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New Zealand foreign minister seeks closer ties with Five Eyes powers

Published 12/11/2023, 12:39 AM
Updated 12/11/2023, 12:41 AM
© Reuters. FILE PHOTO: New Zealand's Foreign Minister Winston Peters speaks during a news conference after he attended an emergency meeting of the Organisation of Islamic Cooperation (OIC) in Istanbul, Turkey, March 22, 2019. REUTERS/Murad Sezer/File Photo

By Alasdair Pal

(Reuters) - New Zealand Foreign Minister Winston Peters said on Monday he would draw the country closer to intelligence partners the United States, Britain, Canada and Australia, part of a renewed focus on security under the new right-of-centre government.

The four countries, which together with New Zealand are known as the Five Eyes, have shared intelligence since World War Two, though the alliance has come under pressure in recent years.

Peters, a former foreign minister and leader of the populist New Zealand First Party, is a coalition partner in the government led by Prime Minister Christopher Luxon's National Party leader, that was sworn in earlier this month.

He used his first major policy speech since returning to the role to promise closer cooperation with security partners.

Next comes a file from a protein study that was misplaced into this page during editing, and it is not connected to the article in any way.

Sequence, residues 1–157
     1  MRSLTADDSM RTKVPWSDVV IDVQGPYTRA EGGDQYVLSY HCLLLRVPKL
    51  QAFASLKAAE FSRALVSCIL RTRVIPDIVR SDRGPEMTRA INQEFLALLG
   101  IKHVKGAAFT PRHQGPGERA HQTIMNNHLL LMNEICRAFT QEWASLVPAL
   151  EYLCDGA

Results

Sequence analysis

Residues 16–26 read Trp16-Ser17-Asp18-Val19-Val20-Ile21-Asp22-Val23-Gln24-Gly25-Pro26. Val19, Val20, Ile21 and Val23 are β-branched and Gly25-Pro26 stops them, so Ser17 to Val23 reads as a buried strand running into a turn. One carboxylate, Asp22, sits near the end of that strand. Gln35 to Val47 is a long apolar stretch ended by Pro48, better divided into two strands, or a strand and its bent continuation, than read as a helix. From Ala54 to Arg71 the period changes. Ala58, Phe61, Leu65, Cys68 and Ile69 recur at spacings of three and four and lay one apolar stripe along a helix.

"We intend to re-invigorate our defence and security engagement, including with the United States and our Five Eyes partners, as well as with other key security partners in the region and beyond," Peters said in a speech to the diplomatic corps in Wellington on Monday.

New Zealand has long been seen as a moderate or even absent voice on China in the Five Eyes alliance.

The country's tone on security and China's growing presence in the South Pacific toughened last year under the previous Labour government after China and the Solomon Islands struck a security pact.

New Zealand's military is also struggling with aging equipment and personnel shortages, with three of the country's nine navy ships are idle because of staff shortages.

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"We know that we will need to have greater presence, and we will need to bolster sovereign capabilities that enable us to act in a more challenging geo-strategic environment," Peters said.

"And we are focused as a priority on acquiring the resources necessary to bolster those capabilities."

Peters also said the government plans to improve relations with Asian nations, singling out India as one country with which Wellington desires stronger ties.

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